The goal of this book is to bring together and explain current practice in operating systems. This includes much of what is traditionally covered in operating-system textbooks: concurrency, scheduling, linking and loading, storage management (both real and virtual), file systems, and security. However, I also cover issues that come up every day in operating-systems design and implementation but are not often taught in undergraduate courses. For example, I cover:
Deferred work, which includes deferred and asynchronous procedure calls in Windows, tasklets in Linux, and interrupt threads in Solaris.
The intricacies of thread switching, on both uniprocessor and multiprocessor systems.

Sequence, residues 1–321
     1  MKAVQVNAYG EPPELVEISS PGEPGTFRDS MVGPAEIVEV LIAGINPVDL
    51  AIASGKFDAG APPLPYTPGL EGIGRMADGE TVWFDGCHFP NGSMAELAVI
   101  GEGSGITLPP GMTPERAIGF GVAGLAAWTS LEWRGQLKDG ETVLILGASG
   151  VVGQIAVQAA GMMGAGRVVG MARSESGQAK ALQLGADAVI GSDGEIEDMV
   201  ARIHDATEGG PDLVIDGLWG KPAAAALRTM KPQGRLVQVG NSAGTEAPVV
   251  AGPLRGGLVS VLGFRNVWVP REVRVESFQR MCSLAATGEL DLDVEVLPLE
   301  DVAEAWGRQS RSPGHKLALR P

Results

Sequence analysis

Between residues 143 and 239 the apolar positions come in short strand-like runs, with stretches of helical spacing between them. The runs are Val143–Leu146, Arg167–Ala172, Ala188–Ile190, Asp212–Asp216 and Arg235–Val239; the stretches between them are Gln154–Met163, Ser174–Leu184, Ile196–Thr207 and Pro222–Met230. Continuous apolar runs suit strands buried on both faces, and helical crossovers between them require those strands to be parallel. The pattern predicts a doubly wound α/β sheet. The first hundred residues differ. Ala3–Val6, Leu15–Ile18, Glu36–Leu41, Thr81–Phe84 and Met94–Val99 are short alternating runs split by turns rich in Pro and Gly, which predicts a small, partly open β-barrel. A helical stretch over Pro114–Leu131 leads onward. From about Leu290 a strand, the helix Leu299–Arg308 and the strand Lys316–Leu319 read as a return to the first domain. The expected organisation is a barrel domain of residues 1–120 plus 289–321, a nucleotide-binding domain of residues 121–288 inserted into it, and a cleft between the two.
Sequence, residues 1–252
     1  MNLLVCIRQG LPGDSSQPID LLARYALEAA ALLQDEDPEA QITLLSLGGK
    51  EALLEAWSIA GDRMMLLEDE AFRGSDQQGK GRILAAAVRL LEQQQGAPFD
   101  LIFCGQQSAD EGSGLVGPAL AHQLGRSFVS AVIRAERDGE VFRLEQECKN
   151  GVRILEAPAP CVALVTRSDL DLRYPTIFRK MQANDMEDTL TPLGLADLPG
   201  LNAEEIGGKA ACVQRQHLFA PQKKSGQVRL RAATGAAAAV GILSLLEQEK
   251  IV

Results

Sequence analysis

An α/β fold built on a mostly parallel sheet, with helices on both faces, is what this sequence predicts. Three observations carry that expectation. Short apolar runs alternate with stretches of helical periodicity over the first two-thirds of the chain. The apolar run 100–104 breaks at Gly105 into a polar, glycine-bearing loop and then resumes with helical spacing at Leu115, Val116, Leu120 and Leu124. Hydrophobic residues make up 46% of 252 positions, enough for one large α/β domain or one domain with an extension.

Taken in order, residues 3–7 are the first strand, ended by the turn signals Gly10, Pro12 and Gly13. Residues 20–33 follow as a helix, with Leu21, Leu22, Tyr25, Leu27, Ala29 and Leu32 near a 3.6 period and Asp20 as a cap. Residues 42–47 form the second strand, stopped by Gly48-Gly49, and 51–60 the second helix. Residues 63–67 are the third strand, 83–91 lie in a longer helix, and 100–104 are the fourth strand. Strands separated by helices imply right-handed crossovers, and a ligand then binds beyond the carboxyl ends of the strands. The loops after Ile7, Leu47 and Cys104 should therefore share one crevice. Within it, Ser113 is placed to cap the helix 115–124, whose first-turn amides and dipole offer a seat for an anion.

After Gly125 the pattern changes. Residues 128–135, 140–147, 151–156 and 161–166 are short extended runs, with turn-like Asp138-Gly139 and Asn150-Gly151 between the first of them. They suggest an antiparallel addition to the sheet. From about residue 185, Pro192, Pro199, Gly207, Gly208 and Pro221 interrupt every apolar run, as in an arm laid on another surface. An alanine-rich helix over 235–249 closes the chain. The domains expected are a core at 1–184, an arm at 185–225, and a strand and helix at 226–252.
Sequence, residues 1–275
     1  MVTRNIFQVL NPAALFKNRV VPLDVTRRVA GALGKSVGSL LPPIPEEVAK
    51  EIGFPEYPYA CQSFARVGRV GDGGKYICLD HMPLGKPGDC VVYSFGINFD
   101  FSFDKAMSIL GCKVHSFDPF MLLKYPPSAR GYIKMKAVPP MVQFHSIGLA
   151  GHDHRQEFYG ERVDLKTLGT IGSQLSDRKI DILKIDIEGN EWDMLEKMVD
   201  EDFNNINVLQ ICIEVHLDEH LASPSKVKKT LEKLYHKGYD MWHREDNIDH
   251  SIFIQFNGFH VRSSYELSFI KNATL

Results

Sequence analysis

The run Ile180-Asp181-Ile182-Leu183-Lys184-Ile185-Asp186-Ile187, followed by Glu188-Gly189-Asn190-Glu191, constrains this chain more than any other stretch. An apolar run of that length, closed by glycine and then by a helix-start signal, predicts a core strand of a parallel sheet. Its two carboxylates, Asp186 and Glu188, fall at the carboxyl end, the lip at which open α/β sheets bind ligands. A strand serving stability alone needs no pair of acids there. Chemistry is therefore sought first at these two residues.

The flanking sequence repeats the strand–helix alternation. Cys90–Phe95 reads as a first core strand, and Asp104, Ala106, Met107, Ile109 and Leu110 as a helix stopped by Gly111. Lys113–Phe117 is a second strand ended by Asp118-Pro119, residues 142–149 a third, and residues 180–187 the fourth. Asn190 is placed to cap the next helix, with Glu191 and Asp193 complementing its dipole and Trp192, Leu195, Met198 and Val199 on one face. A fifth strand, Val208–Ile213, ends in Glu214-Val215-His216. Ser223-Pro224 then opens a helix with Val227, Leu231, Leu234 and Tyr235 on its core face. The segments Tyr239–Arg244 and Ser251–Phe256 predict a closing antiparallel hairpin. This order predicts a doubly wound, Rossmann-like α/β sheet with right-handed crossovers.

Modern file systems, such as ZFS and WAFL.
Distributed file systems, including CIFS and NFS version 4.
This book is based on material I've developed over the past 30+ years for my operating-systems course at Brown University and is suitable for a one-semester course for advanced undergraduates and beginning graduate students. Students taking the course at Brown have generally had an introductory course on computer architecture and an advanced programming course. The course investigates in depth what's done in current operating systems, and its significant programming projects make students come to grips with major operating-system components and attain an intimate understanding of how they work.
But certainly not all students in an OS course want to go on to concentrate in the area, let alone ...